Ah yes… the magic of marketing.
Where else can you see/read/hear an advertisement and then impulsively find yourself shelling out money for something you probably didn’t need in the first place?
We’ve all been there and I’m as guilty as the next person. Going to Starbucks several times a week for a $3 coffee is my brilliant example. It’s ridiculous when I think about it. I can buy an entire can of Chock Full O’Nuts Coffee (Cuban Roast if you’re curious) for $9.99. It affords 90 cups of coffee for about $0.12 per cup. I choose to go to my local Starbucks though and plunk down $3 per visit.
I must be an idiot.
I’m starting to think the same logic applies to buying camera equipment. It’s the dangling carrot in my world. The thrill of the hunt… chasing technology… new cameras & faster lenses.
The reality is everything from a smartphone to a medium format camera will take good quality images these days. They all put an incredible amount of creative flexibility in your hands. With technology advancing at a break-neck pace, new models from every manufacturer are released on an annual basis. So much so, Apple brilliantly builds iPhone suspense around their latest & greatest upgrades which seem to take place every September.
This leads me to my technology delusion… or dilemma: How often do I upgrade my equipment? As a semi-professional, there are many items to consider. The most obvious are: cost, quality, sensor size, weight, megapixels and frames-per-second (fps).
Advertising doesn’t make the choice(s) any easier. Nikon is “At the Heart of the Image” while Canon wants you to “See Impossible.” Basically, both of these market leaders hope you upgrade your camera equipment on a regular basis.
The smartphone is unquestionably the camera of choice these days for the masses. This may not be the professionals choice, but I’d venture to say everyone uses it for wireless transfers and then posts to social media. So, while it may not always be your first choice in capturing an image, it’s certainly part of the process. Overall, it’s a brilliant camera despite its obvious limitations. Statistics seem to indicate there are more pictures taken with an iPhone every year (1.2 billion) than every other camera combined. Considering the iPhone didn’t even exist at the turn of the century, this is truly remarkable.
For the DSLR and/or mirrorless enthusiasts.. bigger is better. The larger the sensor, the better the image quality. Period. However, the new top of the line cameras from Canon, Nikon and Sony will set you back $3,000-$5,000 each. Depending on the genre of your photography, this cost is a major financial hurdle. Gone are the days of travel assignments where you were well paid to shoot original content. Today, plenty of wire services (i.e. AP, Getty, Reuters, etc.) are selling regurgitated contractual photos for $5 each. Sadly, this has permanently altered the publishing landscape and the photojournalism industry.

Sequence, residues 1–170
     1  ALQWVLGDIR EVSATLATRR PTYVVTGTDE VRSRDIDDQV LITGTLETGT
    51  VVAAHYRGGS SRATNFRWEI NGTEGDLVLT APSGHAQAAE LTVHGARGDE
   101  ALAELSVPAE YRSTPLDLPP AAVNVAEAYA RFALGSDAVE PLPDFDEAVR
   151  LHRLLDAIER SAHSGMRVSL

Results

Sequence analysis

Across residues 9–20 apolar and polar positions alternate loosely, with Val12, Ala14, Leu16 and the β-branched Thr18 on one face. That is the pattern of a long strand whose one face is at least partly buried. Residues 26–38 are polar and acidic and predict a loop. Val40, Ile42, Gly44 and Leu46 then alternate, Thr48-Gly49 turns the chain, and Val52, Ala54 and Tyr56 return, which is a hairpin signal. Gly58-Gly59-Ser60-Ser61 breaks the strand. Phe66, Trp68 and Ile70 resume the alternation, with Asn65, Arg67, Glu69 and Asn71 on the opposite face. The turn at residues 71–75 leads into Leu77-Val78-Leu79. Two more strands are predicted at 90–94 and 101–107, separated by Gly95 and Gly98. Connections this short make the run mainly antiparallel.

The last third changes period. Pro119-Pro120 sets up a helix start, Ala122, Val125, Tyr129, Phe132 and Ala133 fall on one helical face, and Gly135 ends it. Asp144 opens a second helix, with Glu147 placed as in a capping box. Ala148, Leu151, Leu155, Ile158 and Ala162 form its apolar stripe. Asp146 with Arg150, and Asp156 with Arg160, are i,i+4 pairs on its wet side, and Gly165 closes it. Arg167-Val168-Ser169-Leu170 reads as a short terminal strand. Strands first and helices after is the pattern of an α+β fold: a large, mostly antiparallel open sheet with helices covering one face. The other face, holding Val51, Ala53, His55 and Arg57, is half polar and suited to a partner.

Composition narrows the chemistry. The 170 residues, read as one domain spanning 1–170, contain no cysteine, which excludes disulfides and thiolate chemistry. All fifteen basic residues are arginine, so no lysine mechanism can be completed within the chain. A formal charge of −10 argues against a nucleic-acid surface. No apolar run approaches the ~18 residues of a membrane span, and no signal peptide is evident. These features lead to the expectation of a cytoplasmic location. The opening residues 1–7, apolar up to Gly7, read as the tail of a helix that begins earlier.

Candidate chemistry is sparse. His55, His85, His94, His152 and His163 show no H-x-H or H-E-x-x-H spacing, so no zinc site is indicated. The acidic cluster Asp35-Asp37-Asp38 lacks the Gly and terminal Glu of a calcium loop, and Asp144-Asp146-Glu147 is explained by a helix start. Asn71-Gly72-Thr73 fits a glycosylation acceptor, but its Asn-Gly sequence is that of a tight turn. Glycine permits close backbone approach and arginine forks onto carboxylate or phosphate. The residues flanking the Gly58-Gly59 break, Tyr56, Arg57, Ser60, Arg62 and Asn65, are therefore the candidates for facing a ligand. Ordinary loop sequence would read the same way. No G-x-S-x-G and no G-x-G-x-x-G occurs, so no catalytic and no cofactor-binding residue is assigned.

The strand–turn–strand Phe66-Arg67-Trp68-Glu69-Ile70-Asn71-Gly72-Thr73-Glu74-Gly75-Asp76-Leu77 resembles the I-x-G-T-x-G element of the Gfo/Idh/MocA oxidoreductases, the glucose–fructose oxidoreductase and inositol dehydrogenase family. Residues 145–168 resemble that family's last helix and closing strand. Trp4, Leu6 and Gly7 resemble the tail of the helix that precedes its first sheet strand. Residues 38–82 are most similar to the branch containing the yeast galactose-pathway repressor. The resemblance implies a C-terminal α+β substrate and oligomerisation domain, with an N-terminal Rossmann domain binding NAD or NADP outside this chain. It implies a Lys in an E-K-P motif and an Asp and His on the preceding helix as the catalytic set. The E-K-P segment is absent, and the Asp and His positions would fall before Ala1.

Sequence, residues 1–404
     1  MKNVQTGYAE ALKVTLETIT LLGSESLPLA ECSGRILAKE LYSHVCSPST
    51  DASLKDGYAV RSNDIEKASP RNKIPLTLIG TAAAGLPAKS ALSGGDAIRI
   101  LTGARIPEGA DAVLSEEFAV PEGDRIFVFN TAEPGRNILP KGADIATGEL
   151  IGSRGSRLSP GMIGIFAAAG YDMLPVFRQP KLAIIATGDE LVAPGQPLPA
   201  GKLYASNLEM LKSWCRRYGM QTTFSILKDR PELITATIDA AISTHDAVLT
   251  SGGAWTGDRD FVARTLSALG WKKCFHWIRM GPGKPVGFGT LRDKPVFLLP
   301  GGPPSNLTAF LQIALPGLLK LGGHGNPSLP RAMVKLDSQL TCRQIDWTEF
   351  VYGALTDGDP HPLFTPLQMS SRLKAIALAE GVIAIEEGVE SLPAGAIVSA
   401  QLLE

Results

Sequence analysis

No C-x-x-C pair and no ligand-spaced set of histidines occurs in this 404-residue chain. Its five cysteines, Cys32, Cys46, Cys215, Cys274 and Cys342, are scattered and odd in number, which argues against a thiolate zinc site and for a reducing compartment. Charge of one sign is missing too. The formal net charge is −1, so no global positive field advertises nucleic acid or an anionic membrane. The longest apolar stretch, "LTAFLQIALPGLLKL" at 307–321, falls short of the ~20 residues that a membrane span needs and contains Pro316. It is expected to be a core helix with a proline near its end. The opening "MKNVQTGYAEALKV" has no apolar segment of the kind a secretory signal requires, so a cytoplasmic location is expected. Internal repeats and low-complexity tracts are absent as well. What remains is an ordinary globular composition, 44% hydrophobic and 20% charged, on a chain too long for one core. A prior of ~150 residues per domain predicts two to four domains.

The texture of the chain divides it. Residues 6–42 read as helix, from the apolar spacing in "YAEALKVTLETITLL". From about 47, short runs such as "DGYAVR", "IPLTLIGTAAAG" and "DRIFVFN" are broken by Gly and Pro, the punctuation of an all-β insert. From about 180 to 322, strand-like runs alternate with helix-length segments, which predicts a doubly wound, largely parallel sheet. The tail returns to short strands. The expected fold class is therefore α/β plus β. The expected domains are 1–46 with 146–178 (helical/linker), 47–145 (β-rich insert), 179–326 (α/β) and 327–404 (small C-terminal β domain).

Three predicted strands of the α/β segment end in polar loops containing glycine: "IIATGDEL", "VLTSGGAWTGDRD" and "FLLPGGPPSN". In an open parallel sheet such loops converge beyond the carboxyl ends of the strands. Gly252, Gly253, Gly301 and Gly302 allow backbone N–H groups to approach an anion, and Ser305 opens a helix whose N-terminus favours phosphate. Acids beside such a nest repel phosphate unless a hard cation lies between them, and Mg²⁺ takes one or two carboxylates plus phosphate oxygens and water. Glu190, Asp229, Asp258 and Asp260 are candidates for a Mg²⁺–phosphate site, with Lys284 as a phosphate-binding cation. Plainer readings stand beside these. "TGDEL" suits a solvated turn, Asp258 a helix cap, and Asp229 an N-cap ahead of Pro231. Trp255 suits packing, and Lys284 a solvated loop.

Personally, I have a few different cameras in my bag these days. They all take good quality photos and tend to fill different needs.
iPhone 7 Plus - Everyday use - always with me
Holga 120N - Medium format film camera. Light leaks. Fun plastic camera
Sony Rx100 IV - Lightweight travel camera. Zeiss lens. One inch sensor
Canon 7D Mark II - Everyday use & sports camera. APS-C sensor. 10fps
So, as I look to add another camera body to the mix primarily for sports use, I struggle with what to buy(?). Sadly, the only full frame camera with great quality and adequate fps in the Canon line up is the 1Dx Mark II. It’s considered the professional camera and retails for about $5,000. There’s no doubt it’s worth every penny, but a far cry from the $1,800 price tag on the 7D Mark II. I’ve occasionally rented the Canon 1Dx Mark II for sporting events in which a full frame sensor was desired (i.e. Army/Navy football).
I may be the exception when it comes to upgrading equipment. I usually don’t feel the need to follow the ‘newer is better’ cadence so prevalent in the industry. Some advancements are truly ground breaking (i.e. film to digital, image stabilization, etc.); however, most advancements are minor refinements or slight improvements that truthfully won’t improve your creative vision or artistic ability.
This reminds me of the analogy about the golfer buying new clubs with a $1,000 budget. He would be well advised to buy clubs in the $400-$500 price range and spend the rest of the money on lessons. Sadly, the reality is they will purchase $1,000 clubs and take zero lessons. What is the end result? Yup… you guessed it… they now hook their tee shot a little faster and drive the ball an additional 30 yards into the woods. Blissful ignorance at its best.
In most areas of life, I’m very pragmatic. I’m under no false pretenses that a new camera is going to improve my photography skills. Similar to the golfer, if my pictures currently lack an inherent quality, a bigger, faster camera isn’t going to change anything. I’ll simply take more crappy pictures at an accelerated rate. Time to sign up for more workshops!
In summary… we’re always running after new technology. It will always be a step ahead of us. What to buy & when will always be a central theme. The psychological desire for bigger & better seems to be human nature (dare I say an American trait?); however, the grounded part of me will stay in my comfort zone. A few decisive factors will always include;
Buy what you can afford
In the meantime, it’s time to get outdoors and find some creative inspiration.
Thoughts and suggestions are always welcome (feel free to leave a comment).